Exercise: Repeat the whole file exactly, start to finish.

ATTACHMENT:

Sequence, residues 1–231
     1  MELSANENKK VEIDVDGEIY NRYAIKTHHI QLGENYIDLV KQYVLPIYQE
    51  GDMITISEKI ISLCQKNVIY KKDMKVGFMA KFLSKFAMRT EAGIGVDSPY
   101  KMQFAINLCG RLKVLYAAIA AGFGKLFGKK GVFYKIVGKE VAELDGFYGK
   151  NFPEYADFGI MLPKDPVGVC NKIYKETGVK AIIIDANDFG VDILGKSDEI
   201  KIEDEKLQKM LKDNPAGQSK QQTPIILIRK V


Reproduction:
Sequence, residues 1–231
     1  MELSANENKK VEIDVDGEIY NRYAIKTHHI QLGENYIDLV KQYVLPIYQE
    51  GDMITISEKI ISLCQKNVIY KKDMKVGFMA KFLSKFAMRT EAGIGVDSPY
   101  KMQFAINLCG RLKVLYAAIA AGFGKLFGKK GVFYKIVGKE VAELDGFYGK
   151  NFPEYADFGI MLPKDPVGVC NKIYKETGVK AIIIDANDFG VDILGKSDEI
   201  KIEDEKLQKM LKDNPAGQSK QQTPIILIRK V